“Coal fired energy not only powers our computers here in the UK, but is integral to the production of the 300,000,000 computers made each year. 81% of the energy used in a computer’s life cycle is expended in the manufacturing process, now taking place in countries with high levels of coal consumption.”14cp. http://yoha.co.uk/cfc.
The critical agenda of YoHa is, thus, rather explicit: It addresses the power relations at the foundation of contemporary media ecologies which can be tracked all the way from the production of computer-technological consumer goods to the energy sources that drive the innumerable microprocessors and electrical devices which have become crucial to our production, communication, and recirculation of abstract data. As an actual installation, Coal Fired Computer combined various elements that together created a kind of aesthetic experience through which the audience was confronted with these circumstances. The description on YoHa’s website explains the core of what the installation comprises:
“A one-hundred-year-old, 18-ton showman’s steam engine powers a computer with 2.5 tons of coal. Black lungs inflate every time a database record of miners’ lung disease is shown on the computer monitors. It feels like you’ve been invited into a fun fair, but one where the rides log their own accidents – a fun fair run by people who long ago became indistinct from the machines they maintain.”15cp. http://yoha.co.uk/cfc.
Outside of the gallery space the audience then had to pass by the steam engine in order to enter the gallery room in which the most central components of the installation were placed; that would be the computer technological devices mentioned above powered by a coal fired boiler, a pair of real pigs’ lungs hooked up with pneumatic mechanism, all placed side by side on a long table that served as a non-pretentious ‘piedestal’ for the whole setup.
“Coal Fired Computers” (YoHa with Jean Demars, 2010, photo by Graham Harwood, 2010)
The literal juxtaposition of the boiler and the pigs’ lungs next to the computer devices highlights the considerable power usage of digital technologies which we generally do not give much consideration to. The critique implied in Coal Fired Computers thereby conflated the abstract site of everyday data production and consumption with the actual materiality of our computers.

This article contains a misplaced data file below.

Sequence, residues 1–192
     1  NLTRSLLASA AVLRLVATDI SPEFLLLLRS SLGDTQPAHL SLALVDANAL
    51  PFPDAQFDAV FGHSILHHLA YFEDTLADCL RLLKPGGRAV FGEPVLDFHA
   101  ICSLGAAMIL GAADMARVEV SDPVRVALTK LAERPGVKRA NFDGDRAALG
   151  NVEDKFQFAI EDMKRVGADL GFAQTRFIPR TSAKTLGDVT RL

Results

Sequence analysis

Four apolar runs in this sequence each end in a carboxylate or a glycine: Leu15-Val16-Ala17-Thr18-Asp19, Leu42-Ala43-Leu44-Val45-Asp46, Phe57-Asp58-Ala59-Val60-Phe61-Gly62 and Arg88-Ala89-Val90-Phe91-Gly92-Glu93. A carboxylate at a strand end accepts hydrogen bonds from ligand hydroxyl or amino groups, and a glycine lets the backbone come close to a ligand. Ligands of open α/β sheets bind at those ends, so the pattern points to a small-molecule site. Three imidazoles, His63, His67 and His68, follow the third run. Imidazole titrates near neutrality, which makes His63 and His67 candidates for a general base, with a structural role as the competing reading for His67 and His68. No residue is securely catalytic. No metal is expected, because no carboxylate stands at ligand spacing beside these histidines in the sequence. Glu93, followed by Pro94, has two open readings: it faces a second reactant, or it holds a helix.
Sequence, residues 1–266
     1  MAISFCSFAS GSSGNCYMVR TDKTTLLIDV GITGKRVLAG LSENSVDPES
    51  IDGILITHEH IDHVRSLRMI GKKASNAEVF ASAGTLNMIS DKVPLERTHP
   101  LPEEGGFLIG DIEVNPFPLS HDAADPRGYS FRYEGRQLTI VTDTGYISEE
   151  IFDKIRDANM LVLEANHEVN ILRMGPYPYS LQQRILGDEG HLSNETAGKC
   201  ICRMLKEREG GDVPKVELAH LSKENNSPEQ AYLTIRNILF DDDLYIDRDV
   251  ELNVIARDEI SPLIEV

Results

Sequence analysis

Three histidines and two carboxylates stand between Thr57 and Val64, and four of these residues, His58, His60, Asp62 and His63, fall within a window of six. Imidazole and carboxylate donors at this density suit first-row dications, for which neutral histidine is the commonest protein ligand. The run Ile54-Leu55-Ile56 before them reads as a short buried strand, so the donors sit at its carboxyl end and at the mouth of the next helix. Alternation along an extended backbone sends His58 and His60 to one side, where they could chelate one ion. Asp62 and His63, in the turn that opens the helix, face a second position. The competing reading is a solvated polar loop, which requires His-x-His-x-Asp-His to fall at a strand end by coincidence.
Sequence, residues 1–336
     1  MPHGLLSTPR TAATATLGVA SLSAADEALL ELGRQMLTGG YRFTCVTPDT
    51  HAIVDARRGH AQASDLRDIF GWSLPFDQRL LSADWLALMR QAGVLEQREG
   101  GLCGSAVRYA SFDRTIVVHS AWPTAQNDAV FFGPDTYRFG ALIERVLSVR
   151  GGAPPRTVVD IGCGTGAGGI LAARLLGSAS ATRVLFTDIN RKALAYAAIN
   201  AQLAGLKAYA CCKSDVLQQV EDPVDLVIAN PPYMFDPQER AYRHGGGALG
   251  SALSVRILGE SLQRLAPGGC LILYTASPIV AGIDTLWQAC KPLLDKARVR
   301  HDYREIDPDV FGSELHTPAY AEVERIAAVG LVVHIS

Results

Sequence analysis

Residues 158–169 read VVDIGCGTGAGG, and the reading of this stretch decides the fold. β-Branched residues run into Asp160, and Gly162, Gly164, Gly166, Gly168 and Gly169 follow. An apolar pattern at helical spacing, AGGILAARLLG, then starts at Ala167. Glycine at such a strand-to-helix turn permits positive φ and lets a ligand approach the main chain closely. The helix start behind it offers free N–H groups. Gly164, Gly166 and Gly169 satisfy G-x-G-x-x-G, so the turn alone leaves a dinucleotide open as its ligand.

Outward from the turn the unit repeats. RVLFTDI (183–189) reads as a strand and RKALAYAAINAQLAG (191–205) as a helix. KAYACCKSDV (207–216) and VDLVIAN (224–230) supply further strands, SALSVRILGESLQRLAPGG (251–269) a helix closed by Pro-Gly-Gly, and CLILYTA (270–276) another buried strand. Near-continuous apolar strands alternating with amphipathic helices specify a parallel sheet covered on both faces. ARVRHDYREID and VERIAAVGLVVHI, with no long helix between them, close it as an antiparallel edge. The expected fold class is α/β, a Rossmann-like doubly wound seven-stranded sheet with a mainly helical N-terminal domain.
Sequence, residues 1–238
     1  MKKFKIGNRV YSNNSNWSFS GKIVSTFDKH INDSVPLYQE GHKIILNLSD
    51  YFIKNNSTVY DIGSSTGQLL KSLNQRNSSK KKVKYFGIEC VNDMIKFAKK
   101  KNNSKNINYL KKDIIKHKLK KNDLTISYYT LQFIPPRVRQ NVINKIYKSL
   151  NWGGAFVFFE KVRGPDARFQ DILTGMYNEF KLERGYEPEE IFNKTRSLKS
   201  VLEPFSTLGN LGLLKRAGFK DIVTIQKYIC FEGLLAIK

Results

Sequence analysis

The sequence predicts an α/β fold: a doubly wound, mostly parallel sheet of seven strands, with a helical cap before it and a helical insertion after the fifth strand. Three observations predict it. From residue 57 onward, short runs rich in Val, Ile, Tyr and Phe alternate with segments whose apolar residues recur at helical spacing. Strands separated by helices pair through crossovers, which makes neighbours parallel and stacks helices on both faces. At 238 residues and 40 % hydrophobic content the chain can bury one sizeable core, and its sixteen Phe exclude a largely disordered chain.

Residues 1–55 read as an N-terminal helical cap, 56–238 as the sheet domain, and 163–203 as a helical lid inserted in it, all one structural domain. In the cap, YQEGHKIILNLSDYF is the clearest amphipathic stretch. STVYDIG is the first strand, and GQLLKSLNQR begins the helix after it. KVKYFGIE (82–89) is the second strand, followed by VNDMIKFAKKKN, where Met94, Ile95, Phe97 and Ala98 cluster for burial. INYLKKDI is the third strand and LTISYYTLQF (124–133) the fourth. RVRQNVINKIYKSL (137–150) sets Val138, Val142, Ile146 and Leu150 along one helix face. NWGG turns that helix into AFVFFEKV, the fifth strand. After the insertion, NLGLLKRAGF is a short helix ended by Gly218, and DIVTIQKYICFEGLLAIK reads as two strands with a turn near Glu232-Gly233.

Giving attention to these facts which are, from an ecological point of view, clearly problematic, YoHa place themselves amongst a number of artists who aim to “establish proximity, map the links, the continuum of media natures where the natural ecology is entirely entangled with the technological one”16Jussi Parikka, A Geology of Media. Minneapolis, University of Minnesota Press, 2015, p. 63.. In his recent book on the “geology of media”, Parikka points exactly to such artistic practices (concentrated on making this type of critical inquiry toward understanding the meaning and impact of contemporary data ‘culture’ and sheer data usage). Overall he refers to these as “speculative media arts that addresses in assays and technological assemblages the substrate as part of our media systems”17Ibid., p. 49.. Parikka’s discussion provides an elaborate account of how artistic projects and processes may address the often not-so-clear interrelations between media and the ‘ecological’. Interrelations that tend to be left out of a certain theoretical discourse that describes and relates media to notions of ‘environment’ or ‘environmental’ aspects, but without any specific attention toward the obvious ecological aspects concerning pollution, e-waste etc.18This would the case, for instance, with the way in which Mark B.N. Hansen understands ‘environment’ rather as referring to the kind of intricate human-machine circuitry, which is an inevitable result of 21st century digital technologies. Cp. Mark B.N. Hansen, Feed Forward: On the Future of the 21st Century Media, Chicago, University of Chicago Press, 2014. The same could be said of Joshua Meyrowitz’ (2006) notion of media as “an ...continue